A Letter to My Dog, Half Pint

This last year may have been the worst one of my life, but at least I've got the world's two greatest dogs by my side to help me stagger into 2018. Today's post features a letter to Half Pint. Benjamin will be getting a letter later this week--he'd never let me hear the end of it, otherwise. Also, this posts features a lot of short video clips of Half Pint being silly. Since I apparently can't do anything right these days, they are exclusively shot in vertical mode. Please accept my apologies (and cut me some friggin' slack).

A "Why I love teaching middle school" Moment: Adventures in Fundraising

Part of running a band program in middle school is being able to successfully hold fundraisers.  In my school district, we are allotted a certain amount of money every year, but it is not nearly enough to cover all of our expenses.  It also comes with many ridiculous strings attached:

-The money may not be used to purchase music or pay for festival/audition fees.
-All items bought online must have state sales tax added (effectively giving back 7.5% of what was allotted).
-The money is not given to us until near the end of August.
-The money must be spent completely by the end of January or it is reclaimed by the district.

So if this happens to you in February, you're on your own.

So as you can see, a good fundraising program is a must.  At the middle school level, this can be a complete nightmare.  Getting 11-14 year old kids to go out and sell a product, collect the money, and keep track of everything can often be met with disastrous/hilarious results.   Sometimes, however, a student can manage to pull off  a sales feat that even make a used car dealer would nod his or her head in approval.

Every year, my band does a fundraiser with Krispy Kreme Doughnuts.  When we begin, I explain to the kids that even though we are selling the doughnuts at a slightly higher price than customer could find at a store ($6 for a dozen glazed, $7 for a dozen variety),  the customer isn't just paying for the actual product.  We are also selling guilt rationalization. 

Doughnuts are terrible for your health.  Just 1 glazed doughnut has approximately 200 calories and 12 grams of fat.  For this reason, myself and many other adults will walk by the doughnut display in the grocery store, look at them wistfully, avert our eyes, and carry on with our shopping.

However, when a child comes to the door offering to sell doughnuts for a band program, I know that I must do all I can to help that student's education.  Eating a dozen doughnuts in one day may slightly shorten my life, but I am more than willing to martyr myself for such a good cause.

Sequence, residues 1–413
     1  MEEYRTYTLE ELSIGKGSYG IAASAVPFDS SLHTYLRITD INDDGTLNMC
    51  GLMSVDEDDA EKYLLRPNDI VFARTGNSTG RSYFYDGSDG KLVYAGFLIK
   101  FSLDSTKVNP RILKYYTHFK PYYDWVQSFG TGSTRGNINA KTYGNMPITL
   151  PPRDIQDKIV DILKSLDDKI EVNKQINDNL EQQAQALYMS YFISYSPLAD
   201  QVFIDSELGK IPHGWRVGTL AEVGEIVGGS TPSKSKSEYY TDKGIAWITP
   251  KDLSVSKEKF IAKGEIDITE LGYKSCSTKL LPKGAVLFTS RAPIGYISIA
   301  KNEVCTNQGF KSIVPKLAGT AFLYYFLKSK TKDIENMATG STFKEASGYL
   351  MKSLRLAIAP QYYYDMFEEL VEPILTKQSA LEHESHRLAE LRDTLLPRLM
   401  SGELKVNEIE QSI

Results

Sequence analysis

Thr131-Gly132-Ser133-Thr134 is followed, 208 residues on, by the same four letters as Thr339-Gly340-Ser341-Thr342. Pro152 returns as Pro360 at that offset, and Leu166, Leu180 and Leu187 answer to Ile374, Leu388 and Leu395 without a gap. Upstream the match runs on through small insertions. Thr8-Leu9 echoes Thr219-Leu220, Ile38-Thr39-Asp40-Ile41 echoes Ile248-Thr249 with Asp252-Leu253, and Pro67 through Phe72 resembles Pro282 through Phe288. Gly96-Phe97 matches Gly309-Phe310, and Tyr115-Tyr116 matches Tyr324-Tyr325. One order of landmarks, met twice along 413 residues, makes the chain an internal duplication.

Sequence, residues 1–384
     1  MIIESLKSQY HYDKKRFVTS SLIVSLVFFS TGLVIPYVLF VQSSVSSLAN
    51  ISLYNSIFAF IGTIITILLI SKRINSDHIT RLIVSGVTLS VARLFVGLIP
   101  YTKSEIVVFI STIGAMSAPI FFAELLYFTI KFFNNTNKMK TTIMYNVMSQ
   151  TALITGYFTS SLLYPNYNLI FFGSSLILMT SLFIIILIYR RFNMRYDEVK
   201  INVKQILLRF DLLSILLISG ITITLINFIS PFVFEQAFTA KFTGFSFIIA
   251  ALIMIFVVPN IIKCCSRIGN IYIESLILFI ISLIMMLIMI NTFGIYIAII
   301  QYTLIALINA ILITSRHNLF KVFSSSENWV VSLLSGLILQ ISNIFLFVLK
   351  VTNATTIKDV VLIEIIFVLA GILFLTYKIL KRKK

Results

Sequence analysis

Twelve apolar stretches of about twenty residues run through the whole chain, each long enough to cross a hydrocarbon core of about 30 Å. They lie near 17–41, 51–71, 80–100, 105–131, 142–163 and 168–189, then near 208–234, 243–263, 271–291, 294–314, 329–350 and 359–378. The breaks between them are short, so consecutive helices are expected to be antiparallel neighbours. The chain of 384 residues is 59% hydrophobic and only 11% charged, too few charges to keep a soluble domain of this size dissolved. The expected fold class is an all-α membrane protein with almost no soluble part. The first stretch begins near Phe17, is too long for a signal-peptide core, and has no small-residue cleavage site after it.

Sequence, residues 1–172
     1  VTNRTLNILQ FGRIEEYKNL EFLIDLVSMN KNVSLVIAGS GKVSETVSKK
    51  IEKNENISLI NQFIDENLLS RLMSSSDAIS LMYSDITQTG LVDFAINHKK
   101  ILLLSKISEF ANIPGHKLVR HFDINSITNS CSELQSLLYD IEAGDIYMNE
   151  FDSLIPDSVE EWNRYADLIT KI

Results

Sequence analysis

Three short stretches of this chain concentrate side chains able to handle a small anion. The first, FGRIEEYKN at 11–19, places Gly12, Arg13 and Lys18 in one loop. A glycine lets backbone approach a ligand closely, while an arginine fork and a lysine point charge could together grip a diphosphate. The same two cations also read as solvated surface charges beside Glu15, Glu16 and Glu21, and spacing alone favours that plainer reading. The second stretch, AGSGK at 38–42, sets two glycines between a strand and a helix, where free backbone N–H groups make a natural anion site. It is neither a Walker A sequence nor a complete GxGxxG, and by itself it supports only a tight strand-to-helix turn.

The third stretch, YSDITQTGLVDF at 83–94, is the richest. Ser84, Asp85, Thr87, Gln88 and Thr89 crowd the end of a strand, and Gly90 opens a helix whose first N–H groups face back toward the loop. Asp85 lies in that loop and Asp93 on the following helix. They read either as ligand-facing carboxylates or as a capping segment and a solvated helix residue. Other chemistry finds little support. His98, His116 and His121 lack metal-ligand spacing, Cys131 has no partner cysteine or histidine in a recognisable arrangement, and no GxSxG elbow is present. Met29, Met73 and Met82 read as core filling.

This is for the children

One of my best students, Francesca, was one of the many students in my program last year that sold this delicious product to help the band program.  However, at the end of the fundraiser when we got Francesca's order former and collection envelope, the numbers were completely off.

Now don't get me wrong; middle school kids can easily mess up the counting and collecting part of fundraising.  But not only was Francesca one of the smartest students that I had ever taught, but the way the sheet was labeled and the disparity in money collected to amount ordered just didn't make any sense.
A band parent volunteer and I looked over the sheet repeatedly.  Suddenly, it dawned us what had happened.

Francesca somehow managed to convince people to buy just 1 doughnut....for $6-$7 a piece!

I was unaware that two of our doughnut options 
were "Sprinkles" and "Laced with Crack."

Also, keep in mind that since this was a fundraiser, people weren't going to get the doughnuts immediately.  After placing their order and paying Francesca's exorbitant prices, they would have to wait almost 2 weeks to have them delivered.  This girl was clearly a master of sales and marketing.

Once Francesca came to pick up her doughnuts and we had sufficiently made fun of her, we were able to fix the orders.  I can only imagine her customers' delight when they discovered that they were getting way more doughnuts than they had anticipated.

Fundraising with middle school kids can end up being a logistical mess, but it's hard to get mad at a kid that is able to pull off something like this.  Francesca is the type of kid that will be amazing at anything that she decides to do, but the world better watch out if she decides to go into sales.

She will make people think that this is a good deal.


Unknown said…
Your student Francesca is really good at marketing. I hope she continues that skill and help high school fund raising to help more students like her in the future.

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